Faculty Shortage is a Cause of Concern
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Faculty Shortage is a Cause of Concern

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Prof V S Ramamurthy,
Director, National Institute of Advanced Studies (NIAS) and Former Secretary, Department of Science
and Technology, Government of India

When the leftovers are entering the teaching career, you know what will happen to education of your children

We are standing on the threshold of a knowledge dominated era. Trained human resource holds the key, not only for national development and business competitiveness, but also for national security. The biggest challenge, to be faced by the educationists in  the coming years is faculty shortage.
Education stands on three pillars: students, teachers and educational infrastructure. If there are no students, you do not have to worry about education. Most of the western world is facing the problem of decreasing number of students—they are not getting enough students.

Excellent infrastructure but no takers
The western world have built a very enviable educational infrastructure during the last 100 years. The big educational institutions  have infrastructures which are unbeatable. But, if there is shortage of teachers and students, infrastructure will sit idle. Excellent  infrastructure will be converted into a nice educational museum; there won’t be education in those buildings. Unfortunately, if there is  a shortage of students today, it will lead to shortage of faculty tomorrow, because today’s students are teachers of tomorrow.
India is in a different bracket. It does not have shortage of students. But, the challenge is to ensure that everyone receives education.  We do have a problem with infrastructure; we know that the number of colleges, universities, and schools are not enough. The  government of India has taken very ambitious steps particularly in the last few years; major initiatives have been taken to build the additional infrastructure. But you can’t have a good university only on the basis of brick and mortar constructions, you also need a  good faculty. The existing institutions have around 30-40 percent faculty shortage.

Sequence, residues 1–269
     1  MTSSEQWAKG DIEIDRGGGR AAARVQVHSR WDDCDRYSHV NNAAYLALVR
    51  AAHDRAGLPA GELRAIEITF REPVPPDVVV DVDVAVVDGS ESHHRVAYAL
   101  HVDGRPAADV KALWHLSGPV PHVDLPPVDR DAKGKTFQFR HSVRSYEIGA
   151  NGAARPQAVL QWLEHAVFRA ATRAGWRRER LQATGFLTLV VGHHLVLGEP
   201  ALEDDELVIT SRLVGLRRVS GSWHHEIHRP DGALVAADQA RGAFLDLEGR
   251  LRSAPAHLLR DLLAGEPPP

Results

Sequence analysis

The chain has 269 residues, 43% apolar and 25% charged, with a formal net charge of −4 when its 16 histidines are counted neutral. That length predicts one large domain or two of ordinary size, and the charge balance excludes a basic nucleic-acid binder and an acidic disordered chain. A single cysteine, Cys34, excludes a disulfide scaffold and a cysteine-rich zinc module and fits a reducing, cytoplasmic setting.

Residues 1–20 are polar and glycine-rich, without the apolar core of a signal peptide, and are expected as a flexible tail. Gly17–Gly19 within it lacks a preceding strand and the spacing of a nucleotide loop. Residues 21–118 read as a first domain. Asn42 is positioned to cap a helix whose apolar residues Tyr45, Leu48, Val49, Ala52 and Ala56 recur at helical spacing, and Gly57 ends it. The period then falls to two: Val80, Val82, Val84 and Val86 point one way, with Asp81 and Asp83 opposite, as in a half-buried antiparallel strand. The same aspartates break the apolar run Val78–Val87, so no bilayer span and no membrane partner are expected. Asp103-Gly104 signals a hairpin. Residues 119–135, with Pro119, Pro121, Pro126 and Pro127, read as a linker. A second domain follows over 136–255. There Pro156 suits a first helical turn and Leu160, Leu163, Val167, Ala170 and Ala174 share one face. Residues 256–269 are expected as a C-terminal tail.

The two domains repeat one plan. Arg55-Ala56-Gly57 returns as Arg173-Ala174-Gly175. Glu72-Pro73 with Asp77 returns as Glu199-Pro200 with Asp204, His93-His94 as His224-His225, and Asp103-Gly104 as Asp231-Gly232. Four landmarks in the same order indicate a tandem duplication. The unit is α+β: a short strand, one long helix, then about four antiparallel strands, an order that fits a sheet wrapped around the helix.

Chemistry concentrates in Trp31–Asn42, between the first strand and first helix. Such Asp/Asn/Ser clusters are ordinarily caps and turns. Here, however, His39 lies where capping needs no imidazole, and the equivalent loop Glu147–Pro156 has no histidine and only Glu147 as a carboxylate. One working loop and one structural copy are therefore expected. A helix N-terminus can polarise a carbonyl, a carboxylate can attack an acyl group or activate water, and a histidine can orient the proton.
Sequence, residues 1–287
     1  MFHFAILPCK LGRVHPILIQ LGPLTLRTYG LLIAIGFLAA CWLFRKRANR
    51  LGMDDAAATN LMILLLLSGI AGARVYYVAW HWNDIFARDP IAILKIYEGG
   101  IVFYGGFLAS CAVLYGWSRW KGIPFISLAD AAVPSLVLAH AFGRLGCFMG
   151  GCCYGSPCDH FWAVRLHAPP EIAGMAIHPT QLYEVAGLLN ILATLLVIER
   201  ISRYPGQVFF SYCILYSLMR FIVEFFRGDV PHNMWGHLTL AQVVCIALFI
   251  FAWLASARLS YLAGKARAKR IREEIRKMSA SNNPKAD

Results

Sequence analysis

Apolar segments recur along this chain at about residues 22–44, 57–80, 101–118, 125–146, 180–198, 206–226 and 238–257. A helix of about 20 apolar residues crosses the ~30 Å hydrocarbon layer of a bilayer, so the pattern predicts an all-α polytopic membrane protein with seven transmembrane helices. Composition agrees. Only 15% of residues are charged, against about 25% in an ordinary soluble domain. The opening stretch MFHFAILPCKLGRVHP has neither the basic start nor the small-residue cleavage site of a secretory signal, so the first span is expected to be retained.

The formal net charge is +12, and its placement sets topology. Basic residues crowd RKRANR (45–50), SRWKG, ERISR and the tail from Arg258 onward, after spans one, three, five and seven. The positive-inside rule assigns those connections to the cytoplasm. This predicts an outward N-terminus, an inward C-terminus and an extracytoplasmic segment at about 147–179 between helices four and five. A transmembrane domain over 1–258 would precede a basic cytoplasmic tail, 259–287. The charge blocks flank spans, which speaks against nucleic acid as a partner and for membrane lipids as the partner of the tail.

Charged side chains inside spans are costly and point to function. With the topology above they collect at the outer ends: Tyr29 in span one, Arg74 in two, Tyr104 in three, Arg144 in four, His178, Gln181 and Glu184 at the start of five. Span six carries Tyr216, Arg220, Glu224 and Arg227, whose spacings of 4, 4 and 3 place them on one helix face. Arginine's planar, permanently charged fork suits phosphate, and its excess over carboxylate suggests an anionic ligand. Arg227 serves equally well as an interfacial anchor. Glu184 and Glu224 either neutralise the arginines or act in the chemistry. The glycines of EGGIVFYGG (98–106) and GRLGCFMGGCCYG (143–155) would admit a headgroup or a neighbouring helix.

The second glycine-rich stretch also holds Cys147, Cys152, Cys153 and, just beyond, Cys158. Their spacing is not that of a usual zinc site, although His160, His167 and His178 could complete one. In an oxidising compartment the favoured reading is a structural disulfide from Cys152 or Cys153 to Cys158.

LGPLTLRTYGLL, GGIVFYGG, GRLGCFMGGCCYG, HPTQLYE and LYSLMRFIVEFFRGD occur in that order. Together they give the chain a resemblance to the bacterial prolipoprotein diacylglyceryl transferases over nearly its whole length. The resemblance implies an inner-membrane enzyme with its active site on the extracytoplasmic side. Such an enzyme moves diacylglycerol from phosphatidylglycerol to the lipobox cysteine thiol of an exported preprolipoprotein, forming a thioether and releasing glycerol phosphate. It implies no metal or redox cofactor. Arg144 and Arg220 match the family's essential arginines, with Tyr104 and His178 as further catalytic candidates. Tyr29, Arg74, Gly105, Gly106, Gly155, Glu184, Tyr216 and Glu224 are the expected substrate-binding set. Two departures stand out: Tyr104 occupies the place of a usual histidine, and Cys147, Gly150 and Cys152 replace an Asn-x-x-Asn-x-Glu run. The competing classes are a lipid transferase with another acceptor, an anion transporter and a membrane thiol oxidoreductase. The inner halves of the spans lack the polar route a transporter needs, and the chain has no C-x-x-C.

The way ahead
Teachers of the 2020 are already in the schools; they will not be created in 2019. If we don’t train them to be a good teacher, we will  not get good teachers. Quality teachers can’t be created instantaneously. More than a decade of work is needed to mould someone into a quality teacher.  Talented individuals have to be encouraged to take up teaching as a profession.  Opportunities for students are  increasing in emerging areas of technology. Salary for teachers is still lesser than what is being offered in other jobs. Not only is there a monetary disincentive to being a teacher, there are social pressures too. Indian parents don’t want to see their son  as a teacher; they want him to be a CEO and have a rather plush lifestyle.
When the leftovers are entering the teaching career, you know what will happen to the education of your children. We have to create an enabling atmosphere, where good quality students can be inspired into taking up the teaching career. The US has a similar challenge in the field of Research and Development (R & D). An ambitious programme by the Department of Science & Technology tries to  identify close to hundred thousand students who are academically good. These students are then encouraged to take up higher education and then move into the field of R&D.
Our country also needs to identify good quality students who can be a good teacher. These students must be encouraged to opt for the  teaching profession. Unless we can improve the quality of our teachers, the state of Indian education system cannot be improved.

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